As House Prices Grow, No soft landing, No Risk Of Downturn or Correction According to Royal LePage House Price Survey

It says the average cost of a standard two-story home rose 3.6 per cent year-over-year to $418,282, while detached bungalows went up 3.8 per cent to $380,710.

According to the Royal LePage House Price Survey and Market Survey Forecast released today, the average price of a home in Canada increased between 1.2 per cent and 3.8 per cent in the fourth quarter of 2013.

The survey showed year-over-year average price increases in the fourth quarter of 2013 of 3.6 per cent to $418,282 for standard two-story homes and 3.8 per cent to $380,710 for detached bungalows, while the average price of a standard condominium rose 1.2 per cent to $246,530. Prices are expected to maintain healthy momentum into 2014, with Royal LePage projecting a 3.7 per cent increase nationally from 2013 and a shift to a seller’s market in the first portion of the year.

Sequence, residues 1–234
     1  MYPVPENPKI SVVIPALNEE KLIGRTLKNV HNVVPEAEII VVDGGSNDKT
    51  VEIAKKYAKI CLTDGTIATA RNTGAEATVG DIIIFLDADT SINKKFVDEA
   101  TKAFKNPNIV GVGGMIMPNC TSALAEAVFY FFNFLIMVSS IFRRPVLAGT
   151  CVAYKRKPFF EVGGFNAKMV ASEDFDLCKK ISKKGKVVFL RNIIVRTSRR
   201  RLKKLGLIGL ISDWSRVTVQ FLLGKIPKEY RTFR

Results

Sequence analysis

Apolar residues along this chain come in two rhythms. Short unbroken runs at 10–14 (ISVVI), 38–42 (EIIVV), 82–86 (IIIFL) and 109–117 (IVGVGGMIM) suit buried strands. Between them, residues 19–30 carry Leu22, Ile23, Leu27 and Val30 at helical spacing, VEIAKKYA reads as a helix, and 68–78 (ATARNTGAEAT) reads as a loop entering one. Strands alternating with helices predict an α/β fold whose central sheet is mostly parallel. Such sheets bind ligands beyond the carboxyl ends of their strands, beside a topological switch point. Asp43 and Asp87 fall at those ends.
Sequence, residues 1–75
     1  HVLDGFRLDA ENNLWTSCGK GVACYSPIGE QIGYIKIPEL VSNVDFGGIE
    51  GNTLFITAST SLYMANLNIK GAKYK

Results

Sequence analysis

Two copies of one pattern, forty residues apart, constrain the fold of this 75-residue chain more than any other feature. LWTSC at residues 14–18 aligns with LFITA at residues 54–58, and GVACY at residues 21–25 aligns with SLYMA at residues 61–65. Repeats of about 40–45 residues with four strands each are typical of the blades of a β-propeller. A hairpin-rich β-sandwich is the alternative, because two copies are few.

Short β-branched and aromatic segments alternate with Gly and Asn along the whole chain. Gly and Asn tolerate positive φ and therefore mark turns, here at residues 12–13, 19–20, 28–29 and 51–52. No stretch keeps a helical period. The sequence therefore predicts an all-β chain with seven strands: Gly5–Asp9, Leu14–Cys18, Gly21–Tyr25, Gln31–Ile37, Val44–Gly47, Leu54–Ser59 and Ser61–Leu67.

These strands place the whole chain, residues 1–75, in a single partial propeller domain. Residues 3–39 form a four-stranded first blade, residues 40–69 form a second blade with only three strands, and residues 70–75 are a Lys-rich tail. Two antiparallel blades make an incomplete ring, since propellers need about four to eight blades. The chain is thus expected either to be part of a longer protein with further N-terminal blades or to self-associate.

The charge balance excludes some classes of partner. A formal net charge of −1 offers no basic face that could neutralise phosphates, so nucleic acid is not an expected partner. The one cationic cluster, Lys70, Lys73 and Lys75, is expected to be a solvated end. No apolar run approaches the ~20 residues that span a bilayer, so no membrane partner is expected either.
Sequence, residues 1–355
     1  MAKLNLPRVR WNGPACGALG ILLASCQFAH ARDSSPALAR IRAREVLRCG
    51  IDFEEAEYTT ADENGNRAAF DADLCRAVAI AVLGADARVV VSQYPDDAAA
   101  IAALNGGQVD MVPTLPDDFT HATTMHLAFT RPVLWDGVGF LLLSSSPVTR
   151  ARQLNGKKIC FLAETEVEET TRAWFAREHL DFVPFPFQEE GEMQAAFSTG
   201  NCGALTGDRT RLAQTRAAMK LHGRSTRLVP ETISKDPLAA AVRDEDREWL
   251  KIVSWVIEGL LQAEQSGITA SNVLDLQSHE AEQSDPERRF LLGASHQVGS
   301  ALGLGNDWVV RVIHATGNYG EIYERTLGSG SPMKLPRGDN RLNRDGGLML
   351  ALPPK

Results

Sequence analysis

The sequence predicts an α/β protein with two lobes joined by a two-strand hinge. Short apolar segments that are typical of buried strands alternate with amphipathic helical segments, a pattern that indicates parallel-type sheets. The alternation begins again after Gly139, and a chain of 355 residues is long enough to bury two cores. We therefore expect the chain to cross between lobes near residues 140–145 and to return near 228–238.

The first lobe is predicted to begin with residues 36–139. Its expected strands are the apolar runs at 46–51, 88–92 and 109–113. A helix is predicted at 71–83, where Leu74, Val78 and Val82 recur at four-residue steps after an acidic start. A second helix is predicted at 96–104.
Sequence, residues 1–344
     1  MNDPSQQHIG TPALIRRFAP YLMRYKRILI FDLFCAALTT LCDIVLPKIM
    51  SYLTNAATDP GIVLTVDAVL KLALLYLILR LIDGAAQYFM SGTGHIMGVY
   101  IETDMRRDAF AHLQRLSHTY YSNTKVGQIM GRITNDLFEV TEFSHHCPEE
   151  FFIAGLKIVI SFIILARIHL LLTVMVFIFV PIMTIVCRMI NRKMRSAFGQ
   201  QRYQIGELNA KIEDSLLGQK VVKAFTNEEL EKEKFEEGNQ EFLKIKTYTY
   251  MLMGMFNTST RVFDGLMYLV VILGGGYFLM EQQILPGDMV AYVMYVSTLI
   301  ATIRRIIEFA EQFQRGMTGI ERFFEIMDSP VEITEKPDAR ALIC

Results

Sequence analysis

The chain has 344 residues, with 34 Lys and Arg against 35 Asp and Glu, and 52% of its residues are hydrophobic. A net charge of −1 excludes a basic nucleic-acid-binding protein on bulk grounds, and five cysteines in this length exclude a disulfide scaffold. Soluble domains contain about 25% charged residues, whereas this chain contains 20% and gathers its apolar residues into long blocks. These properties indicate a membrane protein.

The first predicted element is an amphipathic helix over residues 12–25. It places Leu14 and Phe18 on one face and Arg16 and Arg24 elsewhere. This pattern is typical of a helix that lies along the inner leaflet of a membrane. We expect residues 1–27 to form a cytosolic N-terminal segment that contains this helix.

“A few short months ago, the country’s housing market emerged from a year-long correctional cycle of dramatically slowed sales volumes. Later 2013 was marked by a transition to buoyant sales volumes and above average price growth,” said Phil Soper, president and chief executive of Royal LePage. “In the absence of some calamitous event or material increase in mortgage financing costs, we expect this positive momentum to characterize 2014. In fact, we expect a market tipped decidedly in favour of sellers for the first half of the year, after which we project a shift to a more balanced market.”